Cyclic neutropenia is a lethal condition due to defects in neutrophil maturation which lead to a periodic decrease in neutrophil counts. Gene mutations have been blamed in the etiology of cyclic neutropenia [8, 42]. Recurrent cycles of neutropenia may range from 14 to 35 days and the duration of symptoms also vary between patients [42]. Fever, sore throat, cervical lymphadenopathy, gingivitis, oral ulcerations, tonsillitis, fatigue, otitis media or skin infections are among the most common manifestations of cyclic neutropenia. Ulcers in cyclic neutropenia may either be solitary or multiple, and they heal with scarring [8, 42].

Behçet’s disease is a systemic immune-mediated vasculitis. The classic triad of Behçet’s disease includes oral and genital ulcers, ocular lesions such as uveitis or retinal vasculitis, and skin lesions mostly consisting of folliculitis-like rashes, ulcers or erythema nodosum [1, 43]. Recurrences occur at least three times a year. Oral ulcers are present in more than 90% of patients and may sometimes precede other symptoms. The ulcers may be shallow or deep, with slightly raised erythematous borders. They may appear anywhere within the oral cavity and heal spontaneously [44]. Proper management of Behçet’s disease should focus on improving the quality of life and maintain the remission of lesions. In case of oral ulcers, pain relief and anti-inflammatory applications are aimed. Although there is no gold standard treatment or management method for oral ulcers in Behçet’s disease, antimicrobial mouthwashes, laser treatments, topical corticosteroids, or systemic treatment options including colchicine, azathioprine or thalidomide may be considered [45].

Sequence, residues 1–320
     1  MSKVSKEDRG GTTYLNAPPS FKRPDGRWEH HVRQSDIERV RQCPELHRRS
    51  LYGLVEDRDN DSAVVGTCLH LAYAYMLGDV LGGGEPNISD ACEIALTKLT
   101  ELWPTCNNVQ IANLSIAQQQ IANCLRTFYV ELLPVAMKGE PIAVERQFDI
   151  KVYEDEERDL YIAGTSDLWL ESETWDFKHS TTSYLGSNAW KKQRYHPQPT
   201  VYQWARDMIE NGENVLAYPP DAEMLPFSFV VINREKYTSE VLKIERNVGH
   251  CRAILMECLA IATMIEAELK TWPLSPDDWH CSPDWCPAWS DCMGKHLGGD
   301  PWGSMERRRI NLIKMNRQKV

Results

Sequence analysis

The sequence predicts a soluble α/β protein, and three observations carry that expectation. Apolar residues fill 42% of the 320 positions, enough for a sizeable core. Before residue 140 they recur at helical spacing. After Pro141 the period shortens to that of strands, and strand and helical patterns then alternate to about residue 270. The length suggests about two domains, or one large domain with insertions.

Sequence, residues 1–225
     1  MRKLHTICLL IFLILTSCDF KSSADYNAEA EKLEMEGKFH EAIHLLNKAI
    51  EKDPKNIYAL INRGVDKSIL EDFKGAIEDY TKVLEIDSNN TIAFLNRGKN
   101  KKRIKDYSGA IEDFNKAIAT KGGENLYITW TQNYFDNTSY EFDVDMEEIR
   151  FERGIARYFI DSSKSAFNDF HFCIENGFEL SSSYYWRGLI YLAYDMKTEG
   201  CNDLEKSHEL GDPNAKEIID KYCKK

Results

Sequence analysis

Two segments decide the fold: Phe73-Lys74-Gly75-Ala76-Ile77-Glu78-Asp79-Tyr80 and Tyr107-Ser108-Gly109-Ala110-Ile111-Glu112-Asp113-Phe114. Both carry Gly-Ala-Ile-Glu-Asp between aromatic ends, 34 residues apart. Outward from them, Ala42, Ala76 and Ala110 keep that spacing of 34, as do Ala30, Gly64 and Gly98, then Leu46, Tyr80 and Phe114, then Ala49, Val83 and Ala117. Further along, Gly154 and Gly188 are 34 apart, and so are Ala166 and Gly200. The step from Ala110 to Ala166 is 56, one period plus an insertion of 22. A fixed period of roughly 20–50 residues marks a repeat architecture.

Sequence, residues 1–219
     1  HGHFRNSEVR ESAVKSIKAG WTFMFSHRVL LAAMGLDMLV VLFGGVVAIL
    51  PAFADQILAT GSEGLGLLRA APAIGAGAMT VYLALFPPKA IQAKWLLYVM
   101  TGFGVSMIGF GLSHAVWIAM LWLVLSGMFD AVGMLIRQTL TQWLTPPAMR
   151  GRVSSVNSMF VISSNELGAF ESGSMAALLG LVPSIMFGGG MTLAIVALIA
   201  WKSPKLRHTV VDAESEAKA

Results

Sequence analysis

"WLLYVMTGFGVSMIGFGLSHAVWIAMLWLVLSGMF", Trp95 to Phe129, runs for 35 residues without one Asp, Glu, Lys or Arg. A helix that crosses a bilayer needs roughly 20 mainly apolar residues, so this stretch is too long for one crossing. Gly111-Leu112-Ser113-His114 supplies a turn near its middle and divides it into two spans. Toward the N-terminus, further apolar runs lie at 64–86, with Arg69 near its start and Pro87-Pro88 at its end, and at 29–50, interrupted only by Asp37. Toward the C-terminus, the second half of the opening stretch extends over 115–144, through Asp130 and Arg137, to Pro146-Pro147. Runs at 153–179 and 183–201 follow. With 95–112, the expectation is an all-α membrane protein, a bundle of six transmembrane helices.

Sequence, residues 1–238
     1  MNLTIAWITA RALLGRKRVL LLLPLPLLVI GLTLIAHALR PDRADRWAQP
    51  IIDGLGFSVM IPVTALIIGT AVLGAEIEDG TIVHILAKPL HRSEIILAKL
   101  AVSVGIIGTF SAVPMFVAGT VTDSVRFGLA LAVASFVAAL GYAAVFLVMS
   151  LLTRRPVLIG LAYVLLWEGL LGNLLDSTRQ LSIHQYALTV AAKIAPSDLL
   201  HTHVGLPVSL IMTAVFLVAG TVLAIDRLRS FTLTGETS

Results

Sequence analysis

5. Conclusions

Cause-based treatment options are more beneficial than palliative management options. Therefore it is crucial for physicians to make a sound clinical examination and take a through patient history [3]. Biopsy should be considered if an ulcerative lesion with an unknown etiology shows no signs of healing after two weeks, or if the lesions is not responsive to a treatment aimed at a probable known etiology. Ulcers of less than 5 mm diameter are advised to undergo an excisional biopsy, whereas for larger ones an incisional biopsy is suggested [6].


Conflict of interest

The author declares no conflict of interest.


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Written By

Nelli Yildirimyan

Submitted: 09 October 2021 Reviewed: 13 October 2021 Published: 19 November 2021